LEDs play a vital role in the design of interactive systems. Nearly all smart devices use LEDs in one way or another as part of their user interface. This can range from a simple power-on indicator to more complicated functions such as a notification LED on a smartphone. Discrete LEDs come in many different shapes and forms:
- Monochromatic LEDs emit a single color of light. They are available in a wide range of different colors, though their color is fixed. LEDs are polar components; they only conduct electricity in one direction.
- Bicolor LEDs contain two LEDs inside a single component. Red/green is a common color pair. Some bicolor LEDs have two leads, whereas others have three. Two-lead LEDs can only light one color at a time, whereas three-lead LEDs can light both at the same time.
- RGB LEDs are components that contain a red, green, and blue LED in the same package. By mixing these colors together, a wide range of colors can be displayed. RGB LEDs have four leads: one common lead plus one lead for each color. Two types exist: common-anode, where all the positive sides are connected to a common pin; and common-cathode, where all the negative sides are connected together.
- RGBA/RGBW LEDs add a fourth color to the component; amber and white respectively. This is done to improve the color spectrum of the LED. RGBA LEDs have improved warm tones, whereas RGBW LEDs have improved cool/pastel tones.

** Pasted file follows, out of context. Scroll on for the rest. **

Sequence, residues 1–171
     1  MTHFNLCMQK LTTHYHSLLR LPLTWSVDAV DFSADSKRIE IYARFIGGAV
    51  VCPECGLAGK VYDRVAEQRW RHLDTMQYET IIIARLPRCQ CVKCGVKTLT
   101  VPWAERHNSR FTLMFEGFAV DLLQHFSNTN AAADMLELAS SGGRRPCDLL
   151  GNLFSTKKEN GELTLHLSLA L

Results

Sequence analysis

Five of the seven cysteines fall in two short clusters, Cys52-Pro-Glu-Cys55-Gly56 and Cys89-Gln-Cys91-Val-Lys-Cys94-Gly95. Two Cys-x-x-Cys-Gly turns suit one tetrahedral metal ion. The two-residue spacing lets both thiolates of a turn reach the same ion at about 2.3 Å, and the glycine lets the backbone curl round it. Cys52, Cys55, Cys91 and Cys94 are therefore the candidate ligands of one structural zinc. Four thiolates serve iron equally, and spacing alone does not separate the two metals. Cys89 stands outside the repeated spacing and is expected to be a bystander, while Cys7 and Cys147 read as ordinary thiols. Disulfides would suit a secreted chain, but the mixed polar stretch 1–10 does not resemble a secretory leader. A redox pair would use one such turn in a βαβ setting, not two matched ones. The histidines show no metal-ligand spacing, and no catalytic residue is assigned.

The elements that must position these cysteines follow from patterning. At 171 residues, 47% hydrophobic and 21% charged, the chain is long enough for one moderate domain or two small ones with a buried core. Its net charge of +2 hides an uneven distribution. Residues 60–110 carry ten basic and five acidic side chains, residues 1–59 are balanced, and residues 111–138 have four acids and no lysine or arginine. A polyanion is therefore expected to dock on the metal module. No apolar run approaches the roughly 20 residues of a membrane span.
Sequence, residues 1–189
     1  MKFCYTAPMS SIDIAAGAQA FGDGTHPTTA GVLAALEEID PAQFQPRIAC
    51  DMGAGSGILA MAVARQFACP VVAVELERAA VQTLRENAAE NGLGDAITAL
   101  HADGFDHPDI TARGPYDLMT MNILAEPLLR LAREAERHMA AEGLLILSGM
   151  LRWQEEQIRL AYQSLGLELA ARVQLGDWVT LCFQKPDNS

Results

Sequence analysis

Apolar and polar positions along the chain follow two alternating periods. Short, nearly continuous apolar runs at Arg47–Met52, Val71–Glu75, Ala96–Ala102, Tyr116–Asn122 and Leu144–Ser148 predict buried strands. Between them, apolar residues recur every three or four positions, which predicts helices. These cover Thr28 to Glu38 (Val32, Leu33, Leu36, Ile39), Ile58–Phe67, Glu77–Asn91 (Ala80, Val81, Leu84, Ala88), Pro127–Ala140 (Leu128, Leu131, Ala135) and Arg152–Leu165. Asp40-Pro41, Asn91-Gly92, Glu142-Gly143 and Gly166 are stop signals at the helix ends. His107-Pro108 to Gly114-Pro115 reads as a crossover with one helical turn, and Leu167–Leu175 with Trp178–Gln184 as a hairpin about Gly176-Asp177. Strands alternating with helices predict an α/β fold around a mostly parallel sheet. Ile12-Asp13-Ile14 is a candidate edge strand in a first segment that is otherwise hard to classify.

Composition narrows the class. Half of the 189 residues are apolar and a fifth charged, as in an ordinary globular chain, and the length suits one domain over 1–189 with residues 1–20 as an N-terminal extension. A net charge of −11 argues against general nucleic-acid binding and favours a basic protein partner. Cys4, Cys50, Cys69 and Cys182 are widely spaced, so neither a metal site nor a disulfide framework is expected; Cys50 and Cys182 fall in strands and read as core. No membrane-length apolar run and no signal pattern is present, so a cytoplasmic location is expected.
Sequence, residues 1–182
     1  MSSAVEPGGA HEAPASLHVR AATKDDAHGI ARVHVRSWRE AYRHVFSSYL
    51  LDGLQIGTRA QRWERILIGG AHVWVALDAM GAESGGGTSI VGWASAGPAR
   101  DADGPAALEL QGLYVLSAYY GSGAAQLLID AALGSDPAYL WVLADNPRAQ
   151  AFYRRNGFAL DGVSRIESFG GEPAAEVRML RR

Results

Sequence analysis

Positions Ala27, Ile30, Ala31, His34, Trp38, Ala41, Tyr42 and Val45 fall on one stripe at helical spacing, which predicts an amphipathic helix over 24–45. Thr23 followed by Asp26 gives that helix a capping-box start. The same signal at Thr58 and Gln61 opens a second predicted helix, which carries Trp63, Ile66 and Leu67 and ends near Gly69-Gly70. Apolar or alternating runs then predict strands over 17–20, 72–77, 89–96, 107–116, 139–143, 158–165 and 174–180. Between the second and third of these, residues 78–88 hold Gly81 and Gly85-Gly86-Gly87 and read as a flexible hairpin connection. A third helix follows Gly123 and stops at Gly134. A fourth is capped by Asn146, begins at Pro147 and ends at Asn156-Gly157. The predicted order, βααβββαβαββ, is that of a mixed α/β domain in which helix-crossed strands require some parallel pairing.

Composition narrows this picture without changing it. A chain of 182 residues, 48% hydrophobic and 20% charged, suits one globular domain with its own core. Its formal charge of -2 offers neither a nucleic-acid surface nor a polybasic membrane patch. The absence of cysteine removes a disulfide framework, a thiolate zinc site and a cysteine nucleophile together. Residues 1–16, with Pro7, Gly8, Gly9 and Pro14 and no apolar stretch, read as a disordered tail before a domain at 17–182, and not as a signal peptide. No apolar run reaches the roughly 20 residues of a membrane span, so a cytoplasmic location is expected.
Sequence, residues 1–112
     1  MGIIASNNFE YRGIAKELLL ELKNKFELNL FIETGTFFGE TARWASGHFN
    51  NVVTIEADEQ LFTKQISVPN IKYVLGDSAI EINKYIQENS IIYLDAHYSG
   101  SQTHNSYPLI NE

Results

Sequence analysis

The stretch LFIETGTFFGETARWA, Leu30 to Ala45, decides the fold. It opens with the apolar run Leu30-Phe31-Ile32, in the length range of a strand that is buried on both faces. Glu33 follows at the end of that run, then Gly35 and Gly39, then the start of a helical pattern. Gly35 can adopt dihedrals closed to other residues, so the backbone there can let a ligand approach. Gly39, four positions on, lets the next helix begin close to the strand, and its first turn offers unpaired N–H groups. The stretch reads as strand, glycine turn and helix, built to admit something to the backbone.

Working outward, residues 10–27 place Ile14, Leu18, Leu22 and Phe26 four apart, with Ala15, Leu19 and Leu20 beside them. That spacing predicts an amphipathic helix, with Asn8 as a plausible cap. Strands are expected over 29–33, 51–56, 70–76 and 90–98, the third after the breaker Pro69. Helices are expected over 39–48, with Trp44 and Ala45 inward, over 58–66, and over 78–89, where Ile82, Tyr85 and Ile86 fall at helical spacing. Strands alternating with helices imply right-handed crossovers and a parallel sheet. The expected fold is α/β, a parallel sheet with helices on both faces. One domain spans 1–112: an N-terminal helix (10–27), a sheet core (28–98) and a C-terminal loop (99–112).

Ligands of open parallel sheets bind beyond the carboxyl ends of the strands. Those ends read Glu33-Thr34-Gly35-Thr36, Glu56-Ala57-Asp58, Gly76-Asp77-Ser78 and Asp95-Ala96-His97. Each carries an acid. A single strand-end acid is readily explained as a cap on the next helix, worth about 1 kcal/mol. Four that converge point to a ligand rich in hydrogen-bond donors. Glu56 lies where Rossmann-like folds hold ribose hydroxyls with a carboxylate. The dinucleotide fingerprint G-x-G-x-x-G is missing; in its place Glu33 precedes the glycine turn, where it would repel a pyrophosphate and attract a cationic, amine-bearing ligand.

There are many different ways to drive LEDs. The simplest solution is use a single current-limiting resistor, whereas in lighting applications, LEDs are often controlled through a dedicated constant-current driver. However, in indicator applications, LEDs are often controlled directly from a GPIO pin of a microcontroller. Indicator LEDs can either be turned fully on/off, or pulse-width modulation (PWM) can be used to dim the LED. In recent years, companies have experimented with more complex LED animations, such as the breathing LED in Apple laptops or the LED ring animations on the Nest Protect.
The simplest, most cost-effective way to dim and animate LEDs is to use the PWM-capable pins of a microcontroller directly. However, PWM-peripherals are a valuable resource, and RGB LEDs can quickly eat through the available GPIO pins. For this reason, it can make sense to use addressable RGB LEDs instead. Addressable LEDs are LEDs with an integrated controller. They communicate through a bus system, so that many different LEDs can be addressed through the same microcontroller pins. Of course, addressable LEDs cost more than regular LEDs, but the simplicity of the built-in controller can be worth it in some cases.
The WS2812B LED is a popular family of addressable LEDs. Adafruit sells these LEDs under the NeoPixel brand name. They are available in various form factors, such as LED strips, rings, and breakout boards. Each WS2812B LED has a data-in and a data-out pin; these pins can be chained together from data-out to data-in to form a LED chain. By sending a specific control signal, each LED can be controlled individually. However, the WS2812B protocol requires a timing-specific control signal, which may pose problems in some cases (e.g. interrupts). Another option is to use the APA102-family of addressable LEDs, sold under the DotStar brand. These LEDs support a much higher data rate and are controllable through the SPI bus, which is a standard microcontroller peripheral. For Arduino-compatible microcontrollers, the FastLED library can be used to control various types of addressable LEDs, including WS2812B and APA102.